Anyone who is wrestling with anxiety and depression wants nothing more than to NOT be anxious. One of the notorious moments in our battle with anxiety is when we first have a serious anxiety episode, and we begin to learn to fear those Flight or Fight Responses that scare us.

The term I learned in the anxiety literature about this being afraid of those symptoms (or any exposure to anxious thinking) is anticipatory anxiety. That’s a great descriptor.

But I want to talk in this post about the particular thing we do with our Flight or Fight (physical or emotional) responses – that watching for any sign that we might be close to experiencing those responses – what I call hyper-vigilance.

The Monster in The Closet

I don’t know why we learn to fear specific Flight or Fight responses, and why we learn them differently from each other. For myself, as I’ve said here before, it was light-headedness/vertigo and extremity (fingers and hands) numbness. (I also had some trouble with nausea, but that didn’t rock my world to the same degree.)

By comparison one of my oldest friends (and a fellow anxiety-fighter) was dizzy all the time from anxiety, but that didn’t bother her. For her it was the racing heart and shortness of breath that really made her crazy.

Some of it might have to do with our first experience with acute anxiety – we’re freaked out by that first rush of anxiety (or even full-blown panic attack), and whatever responses Flight or Fight tosses at us that we notice in particular are the ones we learn to be afraid of. Not sure it makes any difference – the point is we’re afraid.

And because we’re afraid we start maintaining a kind of diligent watching for any sign that we might be experiencing those responses again. This may not start the first or second time we dip into an anxious spell – or it may. But sooner or later (since we’re still doing that anxious thinking thing, whether we’re conscious of doing it or not), we’ll have another burst, another anxiety burst, and then look out –

Look out, because we’ve become afraid of, literally, our bodies potential responses to anxiety, as well as whatever feelings might be conjured by Flight or Fight.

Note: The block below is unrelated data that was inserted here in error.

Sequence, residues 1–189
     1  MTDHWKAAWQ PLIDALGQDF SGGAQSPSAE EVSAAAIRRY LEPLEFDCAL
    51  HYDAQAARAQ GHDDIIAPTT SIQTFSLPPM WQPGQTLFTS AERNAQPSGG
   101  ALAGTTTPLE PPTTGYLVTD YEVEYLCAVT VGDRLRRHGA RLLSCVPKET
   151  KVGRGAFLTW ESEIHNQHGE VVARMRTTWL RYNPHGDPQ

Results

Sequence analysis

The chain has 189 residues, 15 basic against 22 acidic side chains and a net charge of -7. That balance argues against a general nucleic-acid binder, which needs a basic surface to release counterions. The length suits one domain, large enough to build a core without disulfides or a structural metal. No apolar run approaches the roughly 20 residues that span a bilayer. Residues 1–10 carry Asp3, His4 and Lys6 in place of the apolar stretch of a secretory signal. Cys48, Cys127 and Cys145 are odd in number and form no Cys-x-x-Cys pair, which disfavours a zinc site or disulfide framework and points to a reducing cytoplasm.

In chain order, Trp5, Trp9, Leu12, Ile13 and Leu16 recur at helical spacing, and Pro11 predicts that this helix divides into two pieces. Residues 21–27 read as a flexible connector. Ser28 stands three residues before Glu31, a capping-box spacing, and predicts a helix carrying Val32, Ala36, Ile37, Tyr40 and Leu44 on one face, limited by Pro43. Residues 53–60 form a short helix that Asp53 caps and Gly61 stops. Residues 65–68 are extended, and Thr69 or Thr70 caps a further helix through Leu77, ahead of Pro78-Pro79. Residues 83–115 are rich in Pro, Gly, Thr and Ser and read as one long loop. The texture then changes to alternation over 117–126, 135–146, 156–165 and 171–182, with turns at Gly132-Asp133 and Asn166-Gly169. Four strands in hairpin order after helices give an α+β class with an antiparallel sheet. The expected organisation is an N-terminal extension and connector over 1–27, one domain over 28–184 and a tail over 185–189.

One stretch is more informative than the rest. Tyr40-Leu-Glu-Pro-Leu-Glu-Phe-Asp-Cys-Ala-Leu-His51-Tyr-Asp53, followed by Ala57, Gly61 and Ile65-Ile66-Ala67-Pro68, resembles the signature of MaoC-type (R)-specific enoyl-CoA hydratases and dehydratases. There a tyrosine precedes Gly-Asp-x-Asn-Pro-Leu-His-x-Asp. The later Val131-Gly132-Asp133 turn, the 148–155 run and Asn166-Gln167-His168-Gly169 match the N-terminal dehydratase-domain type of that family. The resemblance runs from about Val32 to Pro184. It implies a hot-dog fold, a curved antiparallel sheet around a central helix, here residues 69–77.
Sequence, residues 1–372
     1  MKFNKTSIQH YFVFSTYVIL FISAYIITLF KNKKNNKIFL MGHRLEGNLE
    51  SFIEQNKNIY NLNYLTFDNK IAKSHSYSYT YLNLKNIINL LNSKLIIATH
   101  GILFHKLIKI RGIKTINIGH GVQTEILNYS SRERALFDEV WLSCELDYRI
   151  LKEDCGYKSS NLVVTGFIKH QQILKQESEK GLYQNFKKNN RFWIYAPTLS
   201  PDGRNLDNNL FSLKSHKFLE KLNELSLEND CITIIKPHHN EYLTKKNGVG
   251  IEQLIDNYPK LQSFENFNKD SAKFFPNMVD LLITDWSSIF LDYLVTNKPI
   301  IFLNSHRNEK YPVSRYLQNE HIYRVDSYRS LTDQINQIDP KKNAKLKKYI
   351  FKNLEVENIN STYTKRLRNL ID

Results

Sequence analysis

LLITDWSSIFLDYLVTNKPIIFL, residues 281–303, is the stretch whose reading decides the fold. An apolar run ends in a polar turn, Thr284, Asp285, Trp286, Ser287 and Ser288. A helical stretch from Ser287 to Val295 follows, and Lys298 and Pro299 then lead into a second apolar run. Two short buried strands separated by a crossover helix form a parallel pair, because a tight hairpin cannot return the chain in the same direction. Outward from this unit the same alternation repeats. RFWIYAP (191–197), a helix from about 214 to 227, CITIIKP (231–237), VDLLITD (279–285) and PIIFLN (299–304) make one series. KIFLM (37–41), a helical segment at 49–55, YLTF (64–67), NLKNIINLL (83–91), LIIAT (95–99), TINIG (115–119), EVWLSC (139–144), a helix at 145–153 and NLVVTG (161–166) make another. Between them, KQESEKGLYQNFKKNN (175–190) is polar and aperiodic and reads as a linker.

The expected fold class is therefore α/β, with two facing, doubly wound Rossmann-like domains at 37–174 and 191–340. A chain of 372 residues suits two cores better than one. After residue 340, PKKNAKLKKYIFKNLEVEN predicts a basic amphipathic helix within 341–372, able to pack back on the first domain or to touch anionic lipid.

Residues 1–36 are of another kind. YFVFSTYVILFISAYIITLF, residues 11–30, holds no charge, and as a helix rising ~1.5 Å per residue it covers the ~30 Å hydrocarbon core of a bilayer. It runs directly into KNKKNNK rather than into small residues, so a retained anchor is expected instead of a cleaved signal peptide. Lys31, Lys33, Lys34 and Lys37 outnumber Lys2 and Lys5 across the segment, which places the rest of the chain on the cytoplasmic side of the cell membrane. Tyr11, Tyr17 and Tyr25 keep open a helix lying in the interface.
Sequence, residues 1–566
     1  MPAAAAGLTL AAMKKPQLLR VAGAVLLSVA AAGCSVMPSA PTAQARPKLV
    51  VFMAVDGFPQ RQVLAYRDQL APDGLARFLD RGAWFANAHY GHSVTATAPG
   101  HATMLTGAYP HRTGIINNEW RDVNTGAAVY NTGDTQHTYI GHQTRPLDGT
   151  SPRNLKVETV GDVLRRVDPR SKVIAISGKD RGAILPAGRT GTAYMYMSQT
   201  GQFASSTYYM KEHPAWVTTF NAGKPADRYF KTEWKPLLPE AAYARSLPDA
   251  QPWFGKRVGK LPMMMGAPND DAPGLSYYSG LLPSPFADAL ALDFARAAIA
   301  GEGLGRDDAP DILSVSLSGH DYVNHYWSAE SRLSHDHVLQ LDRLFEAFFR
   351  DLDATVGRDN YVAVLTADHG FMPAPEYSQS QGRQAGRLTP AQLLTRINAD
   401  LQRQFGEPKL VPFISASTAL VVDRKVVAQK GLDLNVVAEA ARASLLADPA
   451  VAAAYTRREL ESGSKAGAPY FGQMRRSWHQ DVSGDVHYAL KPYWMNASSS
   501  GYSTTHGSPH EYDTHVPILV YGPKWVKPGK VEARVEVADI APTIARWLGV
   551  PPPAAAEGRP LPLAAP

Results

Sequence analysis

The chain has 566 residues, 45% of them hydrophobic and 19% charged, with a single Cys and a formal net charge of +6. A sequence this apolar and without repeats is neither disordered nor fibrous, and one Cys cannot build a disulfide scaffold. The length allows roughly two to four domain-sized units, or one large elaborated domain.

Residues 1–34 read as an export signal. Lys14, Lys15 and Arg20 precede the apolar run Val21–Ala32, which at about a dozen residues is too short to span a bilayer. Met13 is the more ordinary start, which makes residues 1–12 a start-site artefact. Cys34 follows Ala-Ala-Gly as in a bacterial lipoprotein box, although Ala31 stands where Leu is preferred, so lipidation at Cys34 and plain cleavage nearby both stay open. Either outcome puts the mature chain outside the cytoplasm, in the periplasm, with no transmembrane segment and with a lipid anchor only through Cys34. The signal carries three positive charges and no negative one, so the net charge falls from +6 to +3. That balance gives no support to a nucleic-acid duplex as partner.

It becomes, for many of us, the monster in the closet. And we begin to look fearfully over our shoulders, start to avoid situations where we’ve had those responses in the past, and life begins to shrink…

Monster Repellant

By becoming hyper-vigilant we begin to feed our anxiety, not close it down. We begin to pull our Comfort Zone close in to us, eager, desperate even, to avoid having those sensations/feelings. We begin to let anxiety run our lives.

It takes different forms in each of us – maybe we stop going to movies in the theatre (because we had a panic attack there one day) – or we stop running (because we had a nasty brush with that racing heart/cold sweat thing during one run) -or maybe we avoid eating out because of that ugly claustrophobic evening with our friends and we suddenly couldn’t breathe so well…

but in all these cases we step back from our fears/anxious feelings/sensations. At the core of it is our thinking – our fearful thinking – but what we focus on is the Flight or Fight responses that scare us.

We need some monster repellant. We need to understand that THERE IS NO DANGER in those sensations and feelings. And the best monster repellant we can have comes from deliberately confronting those sensations and feelings.

Ready, Aim, Fire…

If you’ve been reading this blog you know it isn’t just confronting. It is using that confronting in tandem with pulling apart the thinking that causes those fearful responses in the first place. And that’s exactly right.

We need to get enough practice at what I’ve been calling “discounting” your Flight or Fight responses – deliberately experiencing those sensations/feelings and remembering that they are only messengers from your body telling you that you THINK something dangerous is about to happen.

Let me ramp up my language choices for this practice. “Discounting” is good, and works. But we can kick that up a notch and even call this work “disregarding.” We can say that because those responses don’t mean ANYTHING – except that we’re thinking scary thoughts (consciously or, more often, outside of our conscious awareness.)

As we do that “disregarding” in tandem with identifying where we’ve turned problems into crises we are giving ourselves real, powerful leverage to break the cycle of anxiety in our lives.

One Last Thought For This Blog Post

Some of us have a hard time initially figuring out what our anxious thinking IS. That’s common and legal. πŸ™‚ Here’s one great clue – when you find yourself suddenly in the middle of those Flight or Fight Responses – physical or emotional – work to track back what thoughts were running through your mind just prior.

Sometimes it is this hyper-vigilance thing. And sometimes you had a scary thought – and now your anxiety has betrayed its hand.

You don’t have to be afraid of your body or your emotions any more. Flight or Fight does NOT have to be a monster to you. You have the weapons you need to bring it down.

Next up – the role of medication and therapy in the war against anxiety and fear.